Labour's most popular ex-politician, the ex-Northern Ireland Secretary publishes her characteristically off-message autobiography Momentum. She talks to the Today anchor, author of The Rivals, a study of the Brown-Blair oxymoron at the heart of the New Labour project.
The Sri-Lankan born journalist was brought up in Ghana and was the BBC's Africa correspondent, covering genocides, famines, epidemics, disasters, dictatorships, democracies and ethnic divisions from Rawanda, Libera, Ethiopia, Somalia and the Mozambique to Zimbabwe and Zaire. His book examines the future relationships of African States with their former Colonial powers, and with American and international finance.
New poems with McGough's unique spin on innocence and experience: poems about his docker father and his new young daughter, dreams about how he gave the idea of Hey Jude to McCartney and told Dylan to go electric; about jugglers and human cannonballs, about sad music and 'everyday eclipses.'
We launch the literary thriller that is gripping America and won a $4,000,000 advance from Random House. Talcott Garland, a black Ivy League law professor and son of the famous right-wing Judge Oliver Garland, is coming to terms with his father's murder. He begins a long and thrilling quest for the truth through a fascinating maze of high political ambition, family secrets and US justice horribly perverted. The Emperor of Ocean Park is, among many other things, an investigation into the soul of America during the darker years of the Nixon and Reagan presidencies. The author talks to The Guardian journalist Gary Younge.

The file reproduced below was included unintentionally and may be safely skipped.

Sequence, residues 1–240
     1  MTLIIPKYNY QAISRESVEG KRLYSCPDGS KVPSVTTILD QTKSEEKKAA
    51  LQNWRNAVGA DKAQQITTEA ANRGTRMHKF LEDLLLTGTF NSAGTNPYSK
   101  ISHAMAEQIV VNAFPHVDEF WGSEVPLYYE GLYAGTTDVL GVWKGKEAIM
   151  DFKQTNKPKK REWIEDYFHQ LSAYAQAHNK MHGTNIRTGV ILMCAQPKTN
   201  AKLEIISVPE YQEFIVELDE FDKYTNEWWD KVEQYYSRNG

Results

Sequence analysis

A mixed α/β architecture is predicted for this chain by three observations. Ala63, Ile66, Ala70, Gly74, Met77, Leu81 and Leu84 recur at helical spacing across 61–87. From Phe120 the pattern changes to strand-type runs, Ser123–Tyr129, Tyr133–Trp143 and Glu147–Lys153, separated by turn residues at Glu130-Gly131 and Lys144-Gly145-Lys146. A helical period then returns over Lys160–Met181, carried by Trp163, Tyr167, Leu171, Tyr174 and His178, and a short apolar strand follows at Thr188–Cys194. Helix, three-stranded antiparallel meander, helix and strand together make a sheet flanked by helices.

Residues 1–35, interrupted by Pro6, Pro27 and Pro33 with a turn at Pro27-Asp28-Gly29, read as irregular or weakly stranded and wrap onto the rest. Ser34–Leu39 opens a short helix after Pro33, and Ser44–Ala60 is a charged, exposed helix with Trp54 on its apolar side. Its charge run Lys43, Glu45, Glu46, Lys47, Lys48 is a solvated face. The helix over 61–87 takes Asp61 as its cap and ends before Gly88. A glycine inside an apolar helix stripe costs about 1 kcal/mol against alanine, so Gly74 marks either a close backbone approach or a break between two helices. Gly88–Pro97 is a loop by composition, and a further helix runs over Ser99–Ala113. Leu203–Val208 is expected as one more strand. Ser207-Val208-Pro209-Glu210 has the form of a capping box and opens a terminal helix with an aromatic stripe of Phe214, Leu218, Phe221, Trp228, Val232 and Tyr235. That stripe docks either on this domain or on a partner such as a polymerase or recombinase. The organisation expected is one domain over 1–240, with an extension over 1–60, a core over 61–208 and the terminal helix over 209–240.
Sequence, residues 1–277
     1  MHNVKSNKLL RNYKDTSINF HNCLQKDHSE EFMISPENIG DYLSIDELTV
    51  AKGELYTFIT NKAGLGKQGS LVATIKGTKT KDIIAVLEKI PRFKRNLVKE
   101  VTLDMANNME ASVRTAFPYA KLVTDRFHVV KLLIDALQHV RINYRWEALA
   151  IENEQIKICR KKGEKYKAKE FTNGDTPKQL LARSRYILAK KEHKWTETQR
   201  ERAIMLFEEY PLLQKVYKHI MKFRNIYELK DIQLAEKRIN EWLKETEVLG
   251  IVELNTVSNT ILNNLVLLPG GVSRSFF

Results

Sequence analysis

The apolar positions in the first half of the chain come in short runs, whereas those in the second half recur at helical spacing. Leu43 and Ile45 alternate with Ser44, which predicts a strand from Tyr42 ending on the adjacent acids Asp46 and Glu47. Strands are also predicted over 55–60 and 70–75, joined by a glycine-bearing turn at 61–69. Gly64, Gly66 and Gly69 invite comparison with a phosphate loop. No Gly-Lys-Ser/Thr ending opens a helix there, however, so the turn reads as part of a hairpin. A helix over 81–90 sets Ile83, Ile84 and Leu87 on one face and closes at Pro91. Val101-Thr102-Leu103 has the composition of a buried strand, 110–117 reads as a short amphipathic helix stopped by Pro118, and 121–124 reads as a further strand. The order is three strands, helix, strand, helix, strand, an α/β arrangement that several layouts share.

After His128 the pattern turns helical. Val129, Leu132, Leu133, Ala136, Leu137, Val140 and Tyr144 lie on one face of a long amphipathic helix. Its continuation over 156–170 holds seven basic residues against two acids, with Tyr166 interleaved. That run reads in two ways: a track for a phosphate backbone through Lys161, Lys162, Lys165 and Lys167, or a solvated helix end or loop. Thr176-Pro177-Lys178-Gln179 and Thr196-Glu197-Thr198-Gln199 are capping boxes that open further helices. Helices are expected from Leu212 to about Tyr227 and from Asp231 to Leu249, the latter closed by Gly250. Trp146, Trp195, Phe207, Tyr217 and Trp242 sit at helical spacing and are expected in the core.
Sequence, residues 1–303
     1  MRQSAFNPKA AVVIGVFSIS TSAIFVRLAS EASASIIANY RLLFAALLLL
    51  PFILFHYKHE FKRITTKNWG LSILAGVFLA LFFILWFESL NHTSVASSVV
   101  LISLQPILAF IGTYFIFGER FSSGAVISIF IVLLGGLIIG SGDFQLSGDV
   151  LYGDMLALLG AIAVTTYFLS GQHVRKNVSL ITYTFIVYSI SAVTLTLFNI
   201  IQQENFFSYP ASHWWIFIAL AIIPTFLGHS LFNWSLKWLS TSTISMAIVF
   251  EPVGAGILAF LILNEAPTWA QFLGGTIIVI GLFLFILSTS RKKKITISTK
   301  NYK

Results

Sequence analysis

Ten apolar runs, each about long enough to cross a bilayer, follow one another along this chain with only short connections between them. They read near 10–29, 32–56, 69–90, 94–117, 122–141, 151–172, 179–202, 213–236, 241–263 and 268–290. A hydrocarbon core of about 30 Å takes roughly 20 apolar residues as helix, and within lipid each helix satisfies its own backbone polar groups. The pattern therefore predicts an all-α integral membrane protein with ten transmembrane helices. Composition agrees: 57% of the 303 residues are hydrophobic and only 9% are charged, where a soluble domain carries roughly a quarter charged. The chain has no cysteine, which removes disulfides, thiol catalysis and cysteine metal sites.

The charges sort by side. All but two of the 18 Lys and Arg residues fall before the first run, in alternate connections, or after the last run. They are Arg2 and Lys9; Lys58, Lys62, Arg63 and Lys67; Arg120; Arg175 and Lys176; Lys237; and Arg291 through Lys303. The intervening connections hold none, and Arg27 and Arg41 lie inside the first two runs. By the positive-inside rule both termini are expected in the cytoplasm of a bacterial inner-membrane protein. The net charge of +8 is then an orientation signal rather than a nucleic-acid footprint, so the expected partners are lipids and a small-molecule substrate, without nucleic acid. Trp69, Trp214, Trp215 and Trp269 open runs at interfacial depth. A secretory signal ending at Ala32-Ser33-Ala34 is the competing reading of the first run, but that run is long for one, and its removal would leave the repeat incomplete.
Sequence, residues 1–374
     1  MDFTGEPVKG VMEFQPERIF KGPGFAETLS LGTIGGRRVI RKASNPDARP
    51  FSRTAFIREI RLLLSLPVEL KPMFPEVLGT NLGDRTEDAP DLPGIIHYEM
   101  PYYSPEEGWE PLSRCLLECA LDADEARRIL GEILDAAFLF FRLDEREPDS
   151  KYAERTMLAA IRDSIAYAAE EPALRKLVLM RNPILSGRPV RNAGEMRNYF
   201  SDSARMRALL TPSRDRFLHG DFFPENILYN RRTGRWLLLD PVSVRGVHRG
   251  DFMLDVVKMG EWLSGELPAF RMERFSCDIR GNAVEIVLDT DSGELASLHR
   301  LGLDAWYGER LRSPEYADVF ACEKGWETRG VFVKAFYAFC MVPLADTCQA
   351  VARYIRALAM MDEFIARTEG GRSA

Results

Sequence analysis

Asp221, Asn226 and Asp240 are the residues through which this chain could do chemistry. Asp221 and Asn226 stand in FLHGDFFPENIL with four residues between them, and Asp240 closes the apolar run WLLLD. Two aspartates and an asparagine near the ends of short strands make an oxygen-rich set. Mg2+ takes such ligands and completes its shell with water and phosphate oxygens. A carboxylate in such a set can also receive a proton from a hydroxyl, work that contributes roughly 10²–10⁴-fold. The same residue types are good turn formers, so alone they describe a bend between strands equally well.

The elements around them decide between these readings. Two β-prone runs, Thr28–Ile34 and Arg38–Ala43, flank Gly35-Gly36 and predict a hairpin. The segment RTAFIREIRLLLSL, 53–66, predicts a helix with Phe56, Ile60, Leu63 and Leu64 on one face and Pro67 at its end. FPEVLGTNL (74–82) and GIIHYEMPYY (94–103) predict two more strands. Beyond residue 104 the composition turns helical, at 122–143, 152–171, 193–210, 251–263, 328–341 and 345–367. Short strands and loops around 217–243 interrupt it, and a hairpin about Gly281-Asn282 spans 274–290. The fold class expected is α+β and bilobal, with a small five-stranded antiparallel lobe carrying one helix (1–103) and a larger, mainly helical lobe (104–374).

The great and prolific contrarian, scrouge of Henry Kissinger and Mother Theresa, hawkish advocate of American military action against Al Qaeda, and literary superstar, champions the cause of the author of Nineteen Eighty-Four, Animal Farm, Down and Out In Paris and London and KeepThe Aspidistra Flying.
'The credible threat of overwhelming military force to prevent terror and further conflict: right or wrong?' The exact focus of this debatewill be determind by events at the time. The panel will be chaired by BBC World Anchor Nik Gowing and will include Michael Ignatieff, the Sunday Times correspondent Marie Colvin and the BBC's Allan Little.
There is much anxiety and confusion at present over the cultural role of religious belief. Are we condemed to a bitter stand-off between revived fundamentalism and an increasingly shaky 'liberal' consensus in public life? Or are there other models for faith and culture? Chaired by The Guardian's Alan Rusbridger.
One of America's most brilliant political journalists, Klein was the anonymous author of the outrageous and unexaggerated satire Primary Colours and has just Published The Natural: The Misunderstood Presidency of Bill Clinton. Halberstam's War In A Time of Peace explores America's role as the only international super-power and the effects of a generational shift in national leadership, the modern media's emphasis on entertainment over foreign news, and the leap in military technology and American economic prosperity that has rendered foreign policy largely irrelevant to many US citizens. Hitchens writes for Vanity Fair. Freedland writes for The Guardian and is the author of Bring Home the Revolution.